This was perhaps inevitable. Most of the novelists of the 1870s were liberals and patriots who believed that the victory over France had opened an age in which the failed revolution of 1848 would finally succeed, Germany would stand before the nations as a model of national well-being, freedom, and culture, and Berlin would be the symbol of this victory of the spirit. But nothing of the sort happened; the liberal age ended in 1879 with the victory of Bismarckian absolutism, and the self-confident Bürgertum whose values the novel writers for the most part extolled became a complaint and materialistic bourgeoisie. As their hopes faded, so did the shining city lose its allure. Its growth in size and industrial importance was accompanied by unprecedented social problems: overcrowding, cyclical unemployment, and the proliferation of slums, squalor, disease, vice, and crime. These conditions were described meticulously and with sympathy by novelists like Max Kretzer, but the latter feeling was unaccompanied by any sense of engagement, for there were no activists and very few socialists among these writers.

Instead, there was some feeling among them that the city itself bred the diseases from which it suffered. In Wilhelm Bölsche’s novel The Mid-day Goddess (Die Mittagsgöttin) (1891), the hero, who has always been inspired by the Brandenburg Gate and the nearby victory column, both symbolic of the high hopes of 1871, comes to believe that they have been superseded by the iron-and-glass shell of the Friedrichstrasse railway station, a center of frenzied human activity that daily vomited swarms of newcomers into the city. This monstrosity, he muses, “looming over the nearby roofs like the armored scales of an enormous lurking reptile,” might very well satisfy the longings of the next generation better than the Greek columns of the triumphal gate. In Karl Gutzkow’s novel about the Financial crash of 1873, The New Serapion Brethren (Die neuen Serapionsbrüder) (1877), a physician lectures on “sidewalk disease (Trottoirkrankheit),” which is caused by “the crowding, the random contact of its inhabitants with one another, and the nervousness created by the constant pressures and demands of the hurried pace of life in Berlin.” This has the effect, he suggests, of breaking down the solid virtues of the middle class by placing its members under constant strain to keep up with their fellows in the acquisition of wealth—a fact, it is intimated, that helped bring about the great crash. In Johannes Schlaf’s The Third Reich (Das Dritte Reich) (1900), the hero, who dreams of founding a philosophy that will usher in a new humanity and resolve the dichotomies of the German soul, is driven to suicide by the cold impersonality of the city, his sense of isolation from people around him, and his growing sense that the mechanical wonders of urban civilization are gravid with portents of cataclysm.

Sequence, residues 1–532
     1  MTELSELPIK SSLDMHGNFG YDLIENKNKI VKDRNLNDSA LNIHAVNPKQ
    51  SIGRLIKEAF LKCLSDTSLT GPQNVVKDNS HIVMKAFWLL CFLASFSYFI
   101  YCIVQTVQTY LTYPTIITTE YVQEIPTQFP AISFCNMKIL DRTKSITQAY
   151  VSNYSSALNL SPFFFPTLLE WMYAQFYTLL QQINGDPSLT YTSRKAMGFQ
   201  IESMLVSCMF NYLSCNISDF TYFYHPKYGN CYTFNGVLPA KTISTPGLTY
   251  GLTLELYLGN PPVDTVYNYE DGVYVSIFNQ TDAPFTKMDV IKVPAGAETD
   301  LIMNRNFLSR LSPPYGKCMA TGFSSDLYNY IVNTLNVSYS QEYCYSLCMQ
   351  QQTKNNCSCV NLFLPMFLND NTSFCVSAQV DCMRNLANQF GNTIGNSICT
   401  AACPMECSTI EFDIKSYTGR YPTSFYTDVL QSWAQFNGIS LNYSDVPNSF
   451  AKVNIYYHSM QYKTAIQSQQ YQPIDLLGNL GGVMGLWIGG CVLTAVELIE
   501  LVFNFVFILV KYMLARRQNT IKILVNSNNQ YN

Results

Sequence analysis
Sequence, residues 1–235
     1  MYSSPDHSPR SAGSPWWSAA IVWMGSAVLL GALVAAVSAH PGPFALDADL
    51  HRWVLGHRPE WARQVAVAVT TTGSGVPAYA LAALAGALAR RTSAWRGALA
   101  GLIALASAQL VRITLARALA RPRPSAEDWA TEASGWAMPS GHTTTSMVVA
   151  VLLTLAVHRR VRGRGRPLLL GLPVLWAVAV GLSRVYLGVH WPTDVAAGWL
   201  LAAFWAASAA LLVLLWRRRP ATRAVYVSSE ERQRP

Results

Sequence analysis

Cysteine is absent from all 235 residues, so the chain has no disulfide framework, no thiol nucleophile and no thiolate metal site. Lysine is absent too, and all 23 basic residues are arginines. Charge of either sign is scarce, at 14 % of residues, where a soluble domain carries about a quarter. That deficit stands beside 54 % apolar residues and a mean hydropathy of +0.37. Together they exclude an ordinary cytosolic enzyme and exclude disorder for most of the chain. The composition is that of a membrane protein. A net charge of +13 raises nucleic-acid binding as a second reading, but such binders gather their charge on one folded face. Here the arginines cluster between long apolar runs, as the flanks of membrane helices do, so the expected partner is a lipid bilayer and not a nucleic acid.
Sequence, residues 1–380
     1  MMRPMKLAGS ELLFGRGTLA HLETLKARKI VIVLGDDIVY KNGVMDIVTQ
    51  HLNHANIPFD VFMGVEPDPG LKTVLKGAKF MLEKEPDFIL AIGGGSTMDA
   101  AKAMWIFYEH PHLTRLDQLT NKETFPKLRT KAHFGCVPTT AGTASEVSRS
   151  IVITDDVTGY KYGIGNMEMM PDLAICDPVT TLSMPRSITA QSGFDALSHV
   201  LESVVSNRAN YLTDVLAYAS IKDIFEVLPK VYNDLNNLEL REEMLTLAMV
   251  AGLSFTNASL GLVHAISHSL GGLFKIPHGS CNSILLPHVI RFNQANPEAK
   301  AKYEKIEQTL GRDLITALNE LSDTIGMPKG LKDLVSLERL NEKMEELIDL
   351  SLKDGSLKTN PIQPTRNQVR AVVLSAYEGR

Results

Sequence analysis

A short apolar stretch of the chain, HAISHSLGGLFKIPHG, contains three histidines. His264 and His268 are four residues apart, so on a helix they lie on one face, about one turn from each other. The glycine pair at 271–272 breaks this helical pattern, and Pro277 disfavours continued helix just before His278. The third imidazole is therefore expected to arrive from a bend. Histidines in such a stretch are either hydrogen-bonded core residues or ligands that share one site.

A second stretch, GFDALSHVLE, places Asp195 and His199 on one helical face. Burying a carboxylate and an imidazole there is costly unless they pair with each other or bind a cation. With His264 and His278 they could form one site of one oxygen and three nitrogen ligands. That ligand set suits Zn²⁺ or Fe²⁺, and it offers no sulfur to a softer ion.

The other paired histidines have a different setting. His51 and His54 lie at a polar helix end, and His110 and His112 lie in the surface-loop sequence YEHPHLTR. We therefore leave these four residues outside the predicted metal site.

As the nineteenth century drew to a close, novelists increasingly faulted Berlin for having attracted too many of the wrong kind of people, so that the old Athens-on-the-Spree of the 1830s had become a Spree-Parvenopolis, in which, as Theophil Zolling wrote in his novel of 1887 Gossip (Der Klatsch), “our society remains petty, lowly, and mean.” This disenchantment with Berlin and its immigrant populations, which is being echoed in some quarters of the city today, reached its high point in Heinrich Mann’s early novel The Land of Cockaigne (Im Schlaraffenland) (1900), a corrosive picture of an urban society that has been completely corrupted by ill-distributed capitalist wealth and in the process has debauched the rest of the country, which in its indulgence in drunken bouts of foreign adventurism and Hurrapatriotismus imitates the capital’s absorption in vice and pleasure and is equally “willing to overlook the cultural demolition taking place.”